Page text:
Special investigators from the National Security Agency (NSA) have issued a high priority alert arguing that Russian state-sponsored threat actors are exploiting a VMware vulnerability to steal sensitive data and get persistence in affected systems. The Agency urgently asks network admins at the US National Security System (NSS), Department of Defense (DoD) and Defense Industrial Base (DIB) to patch the bug as soon as possible.
The flaw (tracked as CVE-2020-4006) was fixed by VMware last Thursday. According to the report it is a command injection vulnerability that exists in VMware Access and VMware Identity Manager products: “Successful exploitation via command injection led to installation of a web shell and further malicious activity where credentials in the form of SAML authentication assertions were generated and sent to Microsoft Active Directory Federation Services (ADFS), which in turn granted the actors access to protected data,”.
The experts consider the flaw becomes critical when running products that perform authentication that the server and all the services that depend on it are properly configured for secure operation and integration. Otherwise, SAML assertions could be forged, granting access to numerous resources.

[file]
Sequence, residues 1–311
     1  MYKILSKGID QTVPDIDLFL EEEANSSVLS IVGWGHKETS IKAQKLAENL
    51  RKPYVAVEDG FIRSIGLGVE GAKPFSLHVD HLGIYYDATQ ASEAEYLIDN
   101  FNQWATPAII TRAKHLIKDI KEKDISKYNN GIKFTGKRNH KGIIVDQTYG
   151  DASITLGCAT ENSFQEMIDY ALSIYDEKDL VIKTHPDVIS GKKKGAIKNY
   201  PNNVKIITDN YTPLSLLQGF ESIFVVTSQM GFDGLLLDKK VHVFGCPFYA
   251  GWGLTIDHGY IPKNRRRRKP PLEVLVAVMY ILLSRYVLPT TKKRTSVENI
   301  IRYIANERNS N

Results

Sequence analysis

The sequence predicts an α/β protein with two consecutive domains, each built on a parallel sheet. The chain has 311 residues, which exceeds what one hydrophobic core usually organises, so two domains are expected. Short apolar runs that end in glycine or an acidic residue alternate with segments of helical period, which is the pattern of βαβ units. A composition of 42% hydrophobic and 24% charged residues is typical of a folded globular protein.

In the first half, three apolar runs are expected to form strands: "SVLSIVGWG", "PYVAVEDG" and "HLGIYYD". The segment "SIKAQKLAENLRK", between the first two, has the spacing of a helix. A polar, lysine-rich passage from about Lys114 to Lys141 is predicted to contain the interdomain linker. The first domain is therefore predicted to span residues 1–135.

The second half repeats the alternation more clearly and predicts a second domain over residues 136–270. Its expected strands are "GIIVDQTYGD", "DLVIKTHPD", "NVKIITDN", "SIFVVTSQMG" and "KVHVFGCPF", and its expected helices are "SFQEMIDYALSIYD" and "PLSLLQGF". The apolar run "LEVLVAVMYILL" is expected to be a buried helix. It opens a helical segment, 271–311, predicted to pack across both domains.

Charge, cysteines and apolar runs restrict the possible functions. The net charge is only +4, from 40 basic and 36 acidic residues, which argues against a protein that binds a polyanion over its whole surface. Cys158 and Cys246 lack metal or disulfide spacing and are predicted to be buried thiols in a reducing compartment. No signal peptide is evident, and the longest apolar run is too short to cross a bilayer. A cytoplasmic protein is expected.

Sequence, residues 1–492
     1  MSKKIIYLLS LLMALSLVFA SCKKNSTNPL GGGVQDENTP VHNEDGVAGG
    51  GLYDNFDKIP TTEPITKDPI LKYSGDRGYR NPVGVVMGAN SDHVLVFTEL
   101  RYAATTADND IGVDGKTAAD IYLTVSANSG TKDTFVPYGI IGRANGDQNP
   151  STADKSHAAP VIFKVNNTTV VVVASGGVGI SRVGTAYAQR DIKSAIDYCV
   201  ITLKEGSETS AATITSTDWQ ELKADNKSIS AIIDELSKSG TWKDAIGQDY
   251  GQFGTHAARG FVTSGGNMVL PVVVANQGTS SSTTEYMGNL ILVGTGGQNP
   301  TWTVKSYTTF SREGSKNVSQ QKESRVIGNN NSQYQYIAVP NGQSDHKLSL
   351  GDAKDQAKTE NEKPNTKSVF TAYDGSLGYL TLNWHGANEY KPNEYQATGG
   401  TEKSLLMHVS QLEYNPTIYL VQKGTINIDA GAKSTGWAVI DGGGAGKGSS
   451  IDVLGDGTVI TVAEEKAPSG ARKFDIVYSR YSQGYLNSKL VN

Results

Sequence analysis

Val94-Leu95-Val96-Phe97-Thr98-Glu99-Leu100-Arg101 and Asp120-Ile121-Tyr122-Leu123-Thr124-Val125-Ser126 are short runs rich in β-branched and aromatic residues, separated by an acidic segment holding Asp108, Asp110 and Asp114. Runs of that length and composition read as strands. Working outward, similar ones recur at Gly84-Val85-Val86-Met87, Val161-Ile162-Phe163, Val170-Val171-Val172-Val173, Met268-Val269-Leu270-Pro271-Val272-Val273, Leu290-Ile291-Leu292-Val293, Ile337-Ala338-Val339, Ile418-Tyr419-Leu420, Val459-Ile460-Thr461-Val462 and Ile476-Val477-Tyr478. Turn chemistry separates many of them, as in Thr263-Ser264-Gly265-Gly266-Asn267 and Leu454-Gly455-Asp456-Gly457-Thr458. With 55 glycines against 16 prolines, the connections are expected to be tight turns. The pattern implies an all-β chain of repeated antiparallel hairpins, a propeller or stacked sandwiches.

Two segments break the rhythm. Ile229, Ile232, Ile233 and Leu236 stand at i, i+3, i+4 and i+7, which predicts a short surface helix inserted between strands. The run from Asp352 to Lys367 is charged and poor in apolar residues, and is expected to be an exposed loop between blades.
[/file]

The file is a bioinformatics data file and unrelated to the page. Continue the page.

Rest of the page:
The Agency recommended that any admins integrating authentication servers with ADFS follow Microsoft best practices, such as multi factor authentication to prevent major risks.
The report mentions that threat actors require password-based access to the web-based user interface to exploit the flaw, so using a strong and unique password would help to mitigate the risk, as would disconnecting the interface from the internet.
On the other hand, Daniel Trauner from security firm Axonius likened the vulnerability to one in a MobileIron MDM exploited recently as it enables compromise across a potentially large number of organizations. More details are still unknown.
He is a well-known expert in mobile security and malware analysis. He studied Computer Science at NYU and started working as a cyber security analyst in 2003. He is actively working as an anti-malware expert. He also worked for security companies like Kaspersky Lab. His everyday job includes researching about new malware and cyber security incidents. Also he has deep level of knowledge in mobile security and mobile vulnerabilities.